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The Importance of Soil Testing

by Guest Author on 04/04/2014
Nutrient-Rich Soil

[guest post by Cristina da Silva]

Why should we test our soils?

Nothing beats eating fresh homegrown fruit and vegetables, and the best harvest comes when you start your plants and trees off right. There is one thing that we can do  that will ensure healthy fruit trees and plants and improve quality and flavor at the same time: Soil tests!

It seems anticlimactic after that build up, but seriously, when we know what to add to our soil, we end up with healthy plants and trees with good quality fruit. They are more productive and less susceptible to pests, diseases, and winter injury.

All soils are different. Nutrient levels, which are necessary for plant growth – as well as soil pH, texture, and structure – vary from site to site. It’s hard to know what your soil needs without knowing what is there already. Soil tests are the way to find this information.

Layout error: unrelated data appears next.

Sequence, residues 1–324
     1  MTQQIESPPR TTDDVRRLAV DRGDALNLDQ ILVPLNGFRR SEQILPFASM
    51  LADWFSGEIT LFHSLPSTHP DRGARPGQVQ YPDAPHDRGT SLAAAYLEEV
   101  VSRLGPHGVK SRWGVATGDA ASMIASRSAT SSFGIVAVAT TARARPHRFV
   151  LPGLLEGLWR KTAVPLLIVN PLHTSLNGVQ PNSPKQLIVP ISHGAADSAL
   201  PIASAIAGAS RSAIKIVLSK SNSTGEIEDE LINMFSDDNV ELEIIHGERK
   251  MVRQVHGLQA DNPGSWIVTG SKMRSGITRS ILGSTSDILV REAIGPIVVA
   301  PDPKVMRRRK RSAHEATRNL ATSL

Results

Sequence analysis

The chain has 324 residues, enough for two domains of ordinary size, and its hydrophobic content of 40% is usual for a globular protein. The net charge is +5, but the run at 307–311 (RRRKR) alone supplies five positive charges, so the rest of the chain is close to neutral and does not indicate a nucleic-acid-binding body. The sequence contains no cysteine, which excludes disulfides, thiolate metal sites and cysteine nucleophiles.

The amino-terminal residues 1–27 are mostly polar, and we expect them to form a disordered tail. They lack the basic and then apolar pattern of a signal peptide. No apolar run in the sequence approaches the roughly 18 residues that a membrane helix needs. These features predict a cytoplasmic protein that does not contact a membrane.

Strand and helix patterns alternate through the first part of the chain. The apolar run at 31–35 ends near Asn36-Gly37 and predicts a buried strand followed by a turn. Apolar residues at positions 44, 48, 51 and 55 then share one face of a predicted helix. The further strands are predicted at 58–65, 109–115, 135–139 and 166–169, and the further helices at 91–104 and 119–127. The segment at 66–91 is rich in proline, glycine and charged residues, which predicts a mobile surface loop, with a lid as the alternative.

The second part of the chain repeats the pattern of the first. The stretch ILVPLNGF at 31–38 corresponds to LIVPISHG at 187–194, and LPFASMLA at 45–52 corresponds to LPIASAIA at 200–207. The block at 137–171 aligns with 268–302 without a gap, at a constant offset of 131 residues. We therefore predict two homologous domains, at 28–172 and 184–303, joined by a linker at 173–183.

Soil Testing

Soil testing can be done either in a public (state) or private laboratory. For state labs, contact your local Cooperative Extension Services.

Nutrients analyzed will vary from lab to lab. Most professional soil tests give you an analysis of:

  • Nutrient levels – i.e. nitrogen (N), phosphorus (P), potassium (K), calcium (Ca), magnesium (Mg), sulfur (S), iron (Fe) and zinc (Zn).
  • Soil pH – low/acidic pH (below 7.0), neutral pH (7.0), or high/lime pH (above 7.0).
  • CEC – “cation-exchange capacity”; the nutrient-retention capacity of the soil
  • Organic matter

» Here are some tips from the University of Illinois Extension on Taking a Soil Sample (video).

Handy soil meters and easy-to-use soil kits are available for testing soil. These kits give a rough idea of pH and major nutrients (N-P-K) in the soil. We can also roughly figure out our soil composition/texture with the “Jar Test”.

Jar Test for Soil CompositionJar Test

Collect a sample of soil – 1/4 cup will do. Remove debris like rocks and trash. Crush the remaining soil so that all parts are consistent and fine. Shake* your 1/4 cup of soil in a 1-quart jar (taller is preferable, with a lid), add just under 4 cups of water, and let everything settle. *Shake hard enough and long enough to agitate the particles into separating.